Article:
The work Black Sun (2005) by Sue de Beer consists of an initially confusing and seemingly loose narration that is divided into several chapters with titles. However, the chapter entitled “Night of the World” appearing towards the end of the piece provides the missing thread of the storyline and allows the viewer to structure the roughly chronological plot differently.

The setting of the film is the inside of a house that recalls a typical New England home, much like in the novels of Hawthorne or Poe. By watching the film, the viewers accompany the protagonist through three stages of evolution.

The scenes do not follow a linear sequence. Instead, they repeat, foreshadow, and flash back to themselves, sometimes even presenting the viewer with new performers. The film is virtually devoid of any dialogue, the only verbal communication being a few monologues extracted from novels by the American writer Dennis Cooper.

The chapter entitled “Night of the World” appears in the third and last part of the video, shortly before the end.Its title alludes to its setting and ambiance, which are essential to understanding its crucial scenes. Derived from Hegel, the leitmotif “Nacht der Welt” was taken up again by Slavoj Žižek to describe the character of the contemporary subject. In “Night of the World,” de Beer establishes a connection between contemporary subjectivity and the theme of “Depression and Melancholia,” as discussed in the book Black Sun (from which de Beer derived her own work’s title) by French literary theorist and psychoanalyst Julia Kristeva. - EB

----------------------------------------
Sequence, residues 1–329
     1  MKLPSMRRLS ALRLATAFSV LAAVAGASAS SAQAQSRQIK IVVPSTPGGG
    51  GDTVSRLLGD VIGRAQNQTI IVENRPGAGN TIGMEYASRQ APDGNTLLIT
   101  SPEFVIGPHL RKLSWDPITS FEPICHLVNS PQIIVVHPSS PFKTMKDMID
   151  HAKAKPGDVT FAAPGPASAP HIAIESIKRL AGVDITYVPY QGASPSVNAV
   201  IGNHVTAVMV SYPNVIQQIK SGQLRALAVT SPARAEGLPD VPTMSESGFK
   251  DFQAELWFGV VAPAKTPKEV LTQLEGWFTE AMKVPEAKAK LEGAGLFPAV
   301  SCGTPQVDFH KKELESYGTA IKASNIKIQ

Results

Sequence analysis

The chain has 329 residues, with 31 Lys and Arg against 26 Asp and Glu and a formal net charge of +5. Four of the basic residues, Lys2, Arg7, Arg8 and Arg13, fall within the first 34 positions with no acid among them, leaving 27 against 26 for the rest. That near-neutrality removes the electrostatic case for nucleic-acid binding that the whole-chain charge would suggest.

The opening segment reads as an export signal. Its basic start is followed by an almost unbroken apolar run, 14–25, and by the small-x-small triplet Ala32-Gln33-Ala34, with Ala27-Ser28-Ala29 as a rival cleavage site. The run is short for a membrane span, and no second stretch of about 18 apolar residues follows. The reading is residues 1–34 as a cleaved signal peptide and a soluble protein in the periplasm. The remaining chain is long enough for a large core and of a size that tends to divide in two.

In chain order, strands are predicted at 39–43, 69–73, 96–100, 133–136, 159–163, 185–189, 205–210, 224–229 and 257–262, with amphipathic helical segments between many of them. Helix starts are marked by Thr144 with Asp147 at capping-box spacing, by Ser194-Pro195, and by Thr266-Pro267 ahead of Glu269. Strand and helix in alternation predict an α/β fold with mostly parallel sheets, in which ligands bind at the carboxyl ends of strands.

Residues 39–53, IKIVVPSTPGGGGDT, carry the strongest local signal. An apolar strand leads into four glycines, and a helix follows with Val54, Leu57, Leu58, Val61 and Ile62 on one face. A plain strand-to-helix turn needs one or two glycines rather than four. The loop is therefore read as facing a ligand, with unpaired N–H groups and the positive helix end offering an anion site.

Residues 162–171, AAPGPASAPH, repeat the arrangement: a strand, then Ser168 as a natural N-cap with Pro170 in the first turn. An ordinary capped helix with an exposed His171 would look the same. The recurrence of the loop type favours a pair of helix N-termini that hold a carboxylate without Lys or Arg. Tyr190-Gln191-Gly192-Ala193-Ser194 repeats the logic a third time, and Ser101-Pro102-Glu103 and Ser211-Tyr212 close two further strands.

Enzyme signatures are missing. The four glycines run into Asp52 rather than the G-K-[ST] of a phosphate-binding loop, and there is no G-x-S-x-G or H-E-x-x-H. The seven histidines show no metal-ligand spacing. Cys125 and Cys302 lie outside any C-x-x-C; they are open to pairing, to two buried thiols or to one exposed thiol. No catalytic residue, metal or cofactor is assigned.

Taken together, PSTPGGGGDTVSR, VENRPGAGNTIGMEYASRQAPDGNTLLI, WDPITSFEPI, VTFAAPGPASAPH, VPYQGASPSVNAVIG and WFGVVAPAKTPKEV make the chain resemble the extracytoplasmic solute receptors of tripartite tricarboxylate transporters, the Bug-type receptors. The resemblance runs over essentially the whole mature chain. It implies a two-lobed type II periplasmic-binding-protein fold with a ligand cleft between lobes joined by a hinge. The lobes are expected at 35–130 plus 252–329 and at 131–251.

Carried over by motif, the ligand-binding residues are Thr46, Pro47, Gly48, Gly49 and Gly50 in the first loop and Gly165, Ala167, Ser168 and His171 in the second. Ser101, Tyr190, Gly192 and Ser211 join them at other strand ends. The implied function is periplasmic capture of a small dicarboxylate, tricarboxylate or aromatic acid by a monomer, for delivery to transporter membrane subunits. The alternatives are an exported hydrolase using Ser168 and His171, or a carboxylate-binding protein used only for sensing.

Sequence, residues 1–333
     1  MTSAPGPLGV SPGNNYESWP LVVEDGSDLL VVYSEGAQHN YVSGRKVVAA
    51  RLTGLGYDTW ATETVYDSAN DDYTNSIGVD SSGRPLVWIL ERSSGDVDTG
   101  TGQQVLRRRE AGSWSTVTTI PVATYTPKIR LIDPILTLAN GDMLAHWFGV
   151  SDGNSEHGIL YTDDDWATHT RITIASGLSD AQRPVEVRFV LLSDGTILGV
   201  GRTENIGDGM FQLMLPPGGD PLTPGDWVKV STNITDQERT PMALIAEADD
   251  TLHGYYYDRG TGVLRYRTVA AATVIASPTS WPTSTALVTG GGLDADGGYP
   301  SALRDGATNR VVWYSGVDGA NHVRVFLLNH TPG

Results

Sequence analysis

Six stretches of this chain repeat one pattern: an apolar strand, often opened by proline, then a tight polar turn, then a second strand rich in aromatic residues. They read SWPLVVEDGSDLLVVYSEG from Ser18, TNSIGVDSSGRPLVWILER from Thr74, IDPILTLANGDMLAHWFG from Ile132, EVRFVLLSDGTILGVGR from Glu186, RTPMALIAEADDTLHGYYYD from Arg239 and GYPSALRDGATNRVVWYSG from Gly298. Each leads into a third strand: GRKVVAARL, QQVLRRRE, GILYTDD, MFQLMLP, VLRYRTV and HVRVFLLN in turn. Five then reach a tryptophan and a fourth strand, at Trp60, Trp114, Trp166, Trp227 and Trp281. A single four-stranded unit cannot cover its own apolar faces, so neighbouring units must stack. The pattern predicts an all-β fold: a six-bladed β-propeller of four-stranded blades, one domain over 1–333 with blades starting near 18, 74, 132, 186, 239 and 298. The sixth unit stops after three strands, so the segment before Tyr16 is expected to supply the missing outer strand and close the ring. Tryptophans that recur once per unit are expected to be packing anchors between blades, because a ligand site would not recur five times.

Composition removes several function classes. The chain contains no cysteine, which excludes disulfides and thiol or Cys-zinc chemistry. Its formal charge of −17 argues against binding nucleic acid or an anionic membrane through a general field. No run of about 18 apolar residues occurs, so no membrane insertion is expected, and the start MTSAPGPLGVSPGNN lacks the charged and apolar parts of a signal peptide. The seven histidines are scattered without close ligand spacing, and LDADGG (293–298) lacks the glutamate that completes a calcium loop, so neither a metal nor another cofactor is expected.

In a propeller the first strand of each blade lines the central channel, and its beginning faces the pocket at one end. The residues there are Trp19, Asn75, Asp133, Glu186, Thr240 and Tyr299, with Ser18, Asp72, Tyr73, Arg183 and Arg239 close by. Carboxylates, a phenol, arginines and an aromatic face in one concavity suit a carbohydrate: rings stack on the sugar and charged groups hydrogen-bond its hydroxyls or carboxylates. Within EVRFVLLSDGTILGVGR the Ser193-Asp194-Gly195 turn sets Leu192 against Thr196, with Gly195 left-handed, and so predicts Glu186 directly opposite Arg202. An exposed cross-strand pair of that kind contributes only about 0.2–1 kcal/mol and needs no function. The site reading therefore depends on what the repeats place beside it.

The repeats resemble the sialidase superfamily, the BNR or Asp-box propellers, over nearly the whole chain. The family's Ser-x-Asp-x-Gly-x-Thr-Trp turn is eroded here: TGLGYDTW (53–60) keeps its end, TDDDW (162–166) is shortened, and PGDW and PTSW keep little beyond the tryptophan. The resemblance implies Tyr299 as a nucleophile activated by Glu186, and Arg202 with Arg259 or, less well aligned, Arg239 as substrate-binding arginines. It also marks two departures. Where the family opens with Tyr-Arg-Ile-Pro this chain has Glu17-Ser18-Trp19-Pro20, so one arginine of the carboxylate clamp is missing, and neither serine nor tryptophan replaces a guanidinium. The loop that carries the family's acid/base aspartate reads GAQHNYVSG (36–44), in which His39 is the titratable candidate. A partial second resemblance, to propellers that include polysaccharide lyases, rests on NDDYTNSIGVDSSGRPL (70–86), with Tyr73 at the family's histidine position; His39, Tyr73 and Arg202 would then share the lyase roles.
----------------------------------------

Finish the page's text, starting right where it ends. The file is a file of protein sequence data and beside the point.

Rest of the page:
A R T I S T  /  D I R E C T O R  S U E  D E  B E E R

Sue de Beer is an artist who uses video, installation, photography and sculpture to explore the connections between memory, history and architecture. De Beer earned her B.F.A from Parsons School of Design and her M.F.A from Columbia University and is the recipient of the Philip Morris Emerging Artist Prize from the American Academy in Berlin. She has exhibited in such venues as the New Museum, The MoMa, the Whitney Museum of American Art, The Brooklyn Museum, Kunst Werke, ZKM Karlsruhe and the Busan Biennial at Busan Museum of Modern Art.

De Beer’s work is in the permanent collections of the Whitney Museum of American Art, the New Museum for Contemporary  Art, the Brooklyn Museum, and the Goetz Collection.

B L A C K  S U N Artist / Director - Sue de Beer

Producer - Sue de Beer  /  Starring - Lena Herrgesell, Julia Hartmann, Willy Rachow, Klara Hoffels and introducing Haluk Atalayman (as the Pony)

Language - English  /  Length - 23 min /  Kind PermissionSue de Beer, Christian Ehrentraut

Screenings / Exhibitions

The Whitney Museum, Altria, NYC, March - June 2005

Between Two Deaths, “ Zentrum Fuer Kunst und Medientechnologie, Karlsruhe, Germany May - August 2007

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